In the instant case Jones sought to offer the statements made to him by the out-of-court declarant, Sheriff Rozands, for the purpose of rebutting the state's contention that he knowingly received pay for grossly inadequate services and that he took property valued at more than $500 with felonious intent. For this purpose the testimony was not hearsay because it was arguably not offered as an assertion for the truth of the matter of Jones' job assignments, but rather as a nonassertive fact (simply, that the statements were made by the sheriff to Jones) to prove its effect on Jones' state of mind. It was relevant and material to show Jones' belief that he was authorized to act as he did, that he had not knowingly performed grossly inadequate services for his pay, and that he had not knowingly or intentionally misappropriated public funds for personal use when he charged gas to the sheriff's office credit cards. Even though the testimony may also have had an impermissible hearsay aspect,8 such a risk was clearly outweighed by the relevance and materiality of the fact that it was said and for the consequent effect it may have had on Jones. As a defendant charged with criminal activity, Jones had the right to rebut the inference that he acted with criminal intent. Refusal to admit the testimony was prejudicial to Jones, who was thus not able to present his most potent defense, that he performed his job the way his boss told him to.

In State v. Webb, 372 So.2d 1209 (La. 1979), we reversed a defendant's conviction for simple burglary after the trial court had refused his testimony relating statements made to him by a bystander that the building was to be demolished and that the owner did not object to fixtures being removed. We concluded that the testimony was being offered to prove the defendant's state of mind which he was justified in presenting, to show lack of criminal intent. Similarly, in State v. Shoemaker, 500 So.2d 385 (La.1987), we reversed a conviction for distribution of marijuana after the defendant was not allowed to testify as to statements made to him by an undercover officer which would bear on his defense of entrapment. We concluded that since these statements were offered not to show the truth of the matters asserted but to show the contents of the conversation, they should have been allowed. See also State v. Weiland, 505 So.2d 702 (La.1987); State v. Martin, 458 So.2d 454 (La.1984); State v. Roche, 341 So.2d 348 (La.1976); and Pugh, Louisiana Evidence Law 415 n. 8 (letter written to defendant admissible to show defendant's belief that he had authority to sell and that he did not act with criminal intent). Similarly, in the instant case, Jones' testimony regarding Sheriff Rozands' extrajudicial statements should have been admitted, perhaps with a limiting instruction to the jury. Jones' testimony reporting statements made to him by Sheriff Rozands concerning Jones' duties as a deputy and his use of credit cards was not hearsay, because it was not offered as an assertion to show the truth of the matters asserted therein, and the district court erred by excluding it.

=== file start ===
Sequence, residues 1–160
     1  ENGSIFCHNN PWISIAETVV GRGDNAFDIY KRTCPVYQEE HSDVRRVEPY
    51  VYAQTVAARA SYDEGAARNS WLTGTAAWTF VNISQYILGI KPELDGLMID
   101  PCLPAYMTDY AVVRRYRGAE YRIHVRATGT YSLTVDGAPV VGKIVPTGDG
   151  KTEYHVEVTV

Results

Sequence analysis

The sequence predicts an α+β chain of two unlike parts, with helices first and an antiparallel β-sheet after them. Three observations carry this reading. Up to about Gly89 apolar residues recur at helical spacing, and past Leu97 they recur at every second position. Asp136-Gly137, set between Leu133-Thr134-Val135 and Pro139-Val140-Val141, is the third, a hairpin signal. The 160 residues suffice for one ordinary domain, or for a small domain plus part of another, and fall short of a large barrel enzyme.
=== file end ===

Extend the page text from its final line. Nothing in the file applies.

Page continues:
Other testimony which the court disallowed was opinion testimony by Sheriff Landry regarding the value of services rendered by a "resident" deputy such as Jones. The defense asked: "Sheriff, do you think you're qualified to render an opinion on the worth, and merit, and value of certain services rendered by certain police officers?" Before Landry was able to respond, the district attorney objected. Thereafter, out of hearing of the jury, the parties debated the admissibility of Landry's opinion. The defense attorney stated that he planned to ask Sheriff Landry "his opinion on the value of certain services performed by certain officers," and that he also planned to ask explicitly whether or not Jones' services were grossly inadequate for the pay he received.

The trial judge refused to allow him to testify as to either the value of special deputy services or the adequacy of Jones' services, and the court of appeal did not distinguish between the two, ruling that exclusion of the testimony was not error because the question of whether Jones' services were grossly inadequate for the pay he received was for the jury to decide. State v. Jones, 540 So.2d at 1138. For the brief reasons which follow, we conclude that while the trial judge may have been correct to deny opinion testimony regarding the gross inadequacy of Jones' services, the trial judge was wrong to exclude expert opinion about the monetary value of deputy services generally.